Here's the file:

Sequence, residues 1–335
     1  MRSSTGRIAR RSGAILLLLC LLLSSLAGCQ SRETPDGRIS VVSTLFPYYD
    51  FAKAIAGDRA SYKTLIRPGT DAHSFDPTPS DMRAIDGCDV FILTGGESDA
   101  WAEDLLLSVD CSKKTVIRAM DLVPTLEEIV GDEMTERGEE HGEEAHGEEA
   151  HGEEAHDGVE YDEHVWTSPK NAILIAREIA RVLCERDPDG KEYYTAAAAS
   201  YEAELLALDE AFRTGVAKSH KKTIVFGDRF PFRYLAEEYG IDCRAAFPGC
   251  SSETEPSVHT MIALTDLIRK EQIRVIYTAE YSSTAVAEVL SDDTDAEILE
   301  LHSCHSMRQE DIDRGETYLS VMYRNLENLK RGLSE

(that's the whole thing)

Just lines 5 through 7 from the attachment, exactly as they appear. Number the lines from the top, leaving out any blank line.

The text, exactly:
   151  HGEEAHDGVE YDEHVWTSPK NAILIAREIA RVLCERDPDG KEYYTAAAAS
   201  YEAELLALDE AFRTGVAKSH KKTIVFGDRF PFRYLAEEYG IDCRAAFPGC
   251  SSETEPSVHT MIALTDLIRK EQIRVIYTAE YSSTAVAEVL SDDTDAEILE